LiDAR (light detection and ranging) is a remote sensing technique that is based on measuring the time it takes a laser pulse to strike an object and return to the source. Typically, a laser scanner is flown in an airplane, the exact location of which is tracked by a GPS satellite. State-of-the-art scanners are capable of transmitting and receiving as many as 500,000 pulses of laser light per second, resulting in data that can be used to map the reflecting object in high three-dimensional detail.
Natural Resources Canada’s Canadian Wood Fibre Centre (CWFC) and its partners have become national leaders in the application of advanced technologies such as aerial LiDAR for forest inventory. CWFC researchers are working with industry and other partners across the country to help industry transform its management of fibre supply through the use of LiDAR.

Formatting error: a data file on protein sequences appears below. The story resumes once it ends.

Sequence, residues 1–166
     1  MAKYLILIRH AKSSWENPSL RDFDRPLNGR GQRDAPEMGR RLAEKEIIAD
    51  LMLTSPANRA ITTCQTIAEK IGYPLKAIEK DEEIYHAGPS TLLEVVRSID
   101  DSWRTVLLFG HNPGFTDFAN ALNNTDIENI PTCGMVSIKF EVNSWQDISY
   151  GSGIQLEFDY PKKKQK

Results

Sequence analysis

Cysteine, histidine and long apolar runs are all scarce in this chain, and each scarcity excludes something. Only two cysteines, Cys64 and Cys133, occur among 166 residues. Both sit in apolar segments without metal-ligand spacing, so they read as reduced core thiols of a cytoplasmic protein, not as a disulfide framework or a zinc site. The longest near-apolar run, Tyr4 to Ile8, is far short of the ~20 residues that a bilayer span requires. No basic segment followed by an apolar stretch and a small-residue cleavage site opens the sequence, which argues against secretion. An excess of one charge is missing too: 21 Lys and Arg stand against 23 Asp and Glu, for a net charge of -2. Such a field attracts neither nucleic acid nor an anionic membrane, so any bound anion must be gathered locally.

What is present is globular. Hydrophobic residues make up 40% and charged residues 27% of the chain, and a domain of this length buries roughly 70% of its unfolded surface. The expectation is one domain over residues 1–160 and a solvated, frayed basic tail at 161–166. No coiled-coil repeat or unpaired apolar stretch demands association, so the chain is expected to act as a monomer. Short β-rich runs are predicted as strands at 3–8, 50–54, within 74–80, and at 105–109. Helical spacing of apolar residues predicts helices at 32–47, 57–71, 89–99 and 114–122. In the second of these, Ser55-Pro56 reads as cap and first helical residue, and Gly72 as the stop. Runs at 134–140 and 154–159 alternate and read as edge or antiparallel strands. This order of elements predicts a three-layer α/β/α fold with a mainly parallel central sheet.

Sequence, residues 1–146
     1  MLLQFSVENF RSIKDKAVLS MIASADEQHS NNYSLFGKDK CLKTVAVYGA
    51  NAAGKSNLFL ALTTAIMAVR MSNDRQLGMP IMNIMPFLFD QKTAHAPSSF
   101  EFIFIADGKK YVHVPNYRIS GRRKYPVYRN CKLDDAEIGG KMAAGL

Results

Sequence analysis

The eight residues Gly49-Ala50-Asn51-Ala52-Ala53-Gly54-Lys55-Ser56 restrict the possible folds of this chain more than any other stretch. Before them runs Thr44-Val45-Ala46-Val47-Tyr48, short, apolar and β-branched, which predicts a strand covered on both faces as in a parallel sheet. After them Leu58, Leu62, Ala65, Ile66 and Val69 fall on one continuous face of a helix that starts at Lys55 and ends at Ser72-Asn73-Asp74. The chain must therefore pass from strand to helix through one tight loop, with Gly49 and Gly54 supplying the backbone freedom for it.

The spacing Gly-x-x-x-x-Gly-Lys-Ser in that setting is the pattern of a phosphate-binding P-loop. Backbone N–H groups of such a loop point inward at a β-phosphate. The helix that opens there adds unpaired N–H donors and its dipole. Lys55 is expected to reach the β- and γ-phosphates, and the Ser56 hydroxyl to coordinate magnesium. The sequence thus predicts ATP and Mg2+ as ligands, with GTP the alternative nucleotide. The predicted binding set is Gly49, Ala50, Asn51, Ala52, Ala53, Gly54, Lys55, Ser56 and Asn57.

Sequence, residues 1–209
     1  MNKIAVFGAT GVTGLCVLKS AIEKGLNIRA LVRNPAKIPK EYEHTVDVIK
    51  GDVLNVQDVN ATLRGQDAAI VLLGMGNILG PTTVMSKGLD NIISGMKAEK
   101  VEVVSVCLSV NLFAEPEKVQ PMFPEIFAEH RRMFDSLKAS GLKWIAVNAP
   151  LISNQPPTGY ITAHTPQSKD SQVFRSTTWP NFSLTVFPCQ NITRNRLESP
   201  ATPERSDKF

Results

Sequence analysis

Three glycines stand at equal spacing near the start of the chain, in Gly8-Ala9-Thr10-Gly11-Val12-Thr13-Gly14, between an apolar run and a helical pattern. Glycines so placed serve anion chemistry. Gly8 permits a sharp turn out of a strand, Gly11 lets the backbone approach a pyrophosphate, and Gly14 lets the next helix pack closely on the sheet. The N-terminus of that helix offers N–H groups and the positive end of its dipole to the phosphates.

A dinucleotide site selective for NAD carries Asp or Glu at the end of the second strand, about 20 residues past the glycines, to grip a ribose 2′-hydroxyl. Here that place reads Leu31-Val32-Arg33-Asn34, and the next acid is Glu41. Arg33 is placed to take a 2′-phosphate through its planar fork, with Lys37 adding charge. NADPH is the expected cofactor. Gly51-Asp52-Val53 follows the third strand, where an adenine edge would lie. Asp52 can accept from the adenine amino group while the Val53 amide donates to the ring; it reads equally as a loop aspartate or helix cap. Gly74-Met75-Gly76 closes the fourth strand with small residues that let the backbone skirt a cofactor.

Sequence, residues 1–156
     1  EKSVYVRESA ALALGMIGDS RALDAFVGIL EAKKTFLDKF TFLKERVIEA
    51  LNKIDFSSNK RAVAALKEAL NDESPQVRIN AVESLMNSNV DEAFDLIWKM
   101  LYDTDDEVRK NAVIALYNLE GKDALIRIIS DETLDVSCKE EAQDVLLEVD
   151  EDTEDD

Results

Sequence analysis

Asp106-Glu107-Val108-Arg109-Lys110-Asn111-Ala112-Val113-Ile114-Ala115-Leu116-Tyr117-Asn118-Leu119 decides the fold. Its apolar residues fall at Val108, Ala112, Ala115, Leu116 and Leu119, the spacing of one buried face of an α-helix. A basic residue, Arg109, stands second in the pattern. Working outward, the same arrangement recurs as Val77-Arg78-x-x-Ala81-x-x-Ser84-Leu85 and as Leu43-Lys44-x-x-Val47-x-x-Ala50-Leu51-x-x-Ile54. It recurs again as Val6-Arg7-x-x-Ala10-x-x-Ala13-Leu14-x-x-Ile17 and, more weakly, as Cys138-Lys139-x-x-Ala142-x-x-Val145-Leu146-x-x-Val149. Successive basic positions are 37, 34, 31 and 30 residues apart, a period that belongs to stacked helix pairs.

For example, in Newfoundland and Labrador, a fibre inventory project is using aerial LiDAR and other technologies to identify and map various wood fibre properties, such as wood density and fibre dimensions and coarseness. Ultimately, the newly gathered information about fibre quality will add a new dimension to the existing forest inventory, which already contains information on a variety of land and tree attributes. The result will, in turn, enhance forest management activities and enable the industry to target specific source materials, thereby reducing production costs for wood fibre products.
Similar projects are taking place in Quebec, Ontario, and Alberta, developing applications of LiDAR and other technologies in enhanced forest inventory to meet specific operational and strategic needs.
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